1. The myth of China threat, (originally from Japan Focus) by former Australian diplomat Gregory Clark through his own first hand experience.
- bonus: interesting discussion of other international cases related to the East China Sea dispute.
- Terrill's 6 goals are: 1) internal stability; 2)sustain economic growth; 3)foreign policy to support #2; 4) "to replace US influence in East Asia" in Terrill's words, I would paraphrase it as "expand its regional role", as expanding one's influence does not neccessarily mean drive the other totally away. China knows it is impossible to replace US; 5) 'foster a perception as equal to US; 6) "to 'regain' territories that Beijing feels rightfully belong within the PRC"
- #1-3 are clearly sub-goals of #2. As Terrill said, #2 is also a way to enhance the 'legitimatcy' of CCP's rule.
- #4 also supports #2. More influence in the examples Terrill provided (such as 6-party talk reguading DPRK nuke) will help China negotiate with US on trade issues. In fact, the tough appraoch by US only encouraged (or forced) China to take DPRK as a bargaining chip.
- #5 is not really a goal, it is more an obsession. But international status does help to support the 'legitimacy of the CCP regime'
- #6 is not really a goal. And it is really about Taiwan. (Outer Manchuria/etc were formally relinquished, even though on could argue that new treaties in future could nullify treaties signed today, as Russia had done that in the 19th century) China's goal on Taiwan (for next 20-30 years) is more like to "prevent a formal independence" than "push for re-unification". A formal breakaway of Taiwan will imply losing face and legitimacy of the CCP regime.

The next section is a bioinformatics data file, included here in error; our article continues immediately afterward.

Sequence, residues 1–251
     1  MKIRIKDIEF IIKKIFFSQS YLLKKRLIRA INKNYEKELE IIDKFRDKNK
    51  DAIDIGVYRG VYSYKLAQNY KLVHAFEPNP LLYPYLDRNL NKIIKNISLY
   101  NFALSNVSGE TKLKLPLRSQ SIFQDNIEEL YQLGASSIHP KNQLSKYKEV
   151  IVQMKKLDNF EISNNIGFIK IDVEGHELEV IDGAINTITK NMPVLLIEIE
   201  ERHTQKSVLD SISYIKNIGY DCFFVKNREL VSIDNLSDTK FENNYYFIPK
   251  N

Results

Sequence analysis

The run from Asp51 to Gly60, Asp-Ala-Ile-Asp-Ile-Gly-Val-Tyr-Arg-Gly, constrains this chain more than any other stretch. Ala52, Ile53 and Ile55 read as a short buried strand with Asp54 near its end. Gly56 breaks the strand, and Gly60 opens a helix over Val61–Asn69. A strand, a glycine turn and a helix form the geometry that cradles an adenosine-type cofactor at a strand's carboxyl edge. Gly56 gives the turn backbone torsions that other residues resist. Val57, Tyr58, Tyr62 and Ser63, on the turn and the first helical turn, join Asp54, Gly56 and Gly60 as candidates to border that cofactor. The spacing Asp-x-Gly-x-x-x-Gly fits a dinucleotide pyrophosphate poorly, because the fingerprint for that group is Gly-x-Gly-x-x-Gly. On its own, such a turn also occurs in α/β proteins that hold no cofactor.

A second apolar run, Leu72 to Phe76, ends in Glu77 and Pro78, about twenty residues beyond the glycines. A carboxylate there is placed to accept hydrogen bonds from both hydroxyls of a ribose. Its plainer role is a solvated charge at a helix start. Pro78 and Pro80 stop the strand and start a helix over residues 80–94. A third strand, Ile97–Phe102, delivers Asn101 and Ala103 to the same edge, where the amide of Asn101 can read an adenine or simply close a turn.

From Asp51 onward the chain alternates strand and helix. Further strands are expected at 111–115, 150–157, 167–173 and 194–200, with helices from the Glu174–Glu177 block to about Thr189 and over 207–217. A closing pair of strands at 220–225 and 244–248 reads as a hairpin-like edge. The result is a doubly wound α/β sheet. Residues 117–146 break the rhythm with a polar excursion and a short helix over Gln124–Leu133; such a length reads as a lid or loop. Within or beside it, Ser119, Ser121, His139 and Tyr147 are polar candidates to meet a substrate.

- As the 88s commented below: aren't these the basic goal of every government/nation in the world? well, maybe except that of the US and a few others nations, who would like to pursue a grander goal than that.
The essay is full of Western ignorance and uncritical tale copying, which I am not going to waste time to nitpick. I will just provide an example here.
- Terrill said, "Communist China, astonishingly, inherited the borders of the Qing empire at its grandest, including Tibet, southern Mongolia, and the Muslim west that was once East Turkestan." As a matter of fact, the old dynasties prior Qing might not have controlled all of Xinjiang other than during Han, Tang and some other short periods (about 1200-1300 years out of the past 2200 years), "East Turkestan" only existed for two years throughout the whole of history (1932-34, 6 years in total if you count the Soviet puppet from 1945-49). These 2 ETA controlled only a small portion (less than 10% in area) of current Xinjiang. Before Qing's conquest, Xinjiang was under (Mongolian Dzungars Khanate and a number of smaller Khanates, none of them were called Turkestan. Before and during Ming, it was part of the Mongolian Chagatai Khanate. Before that, it was under (Tungus) Khitan Khanate (aka Western Liao).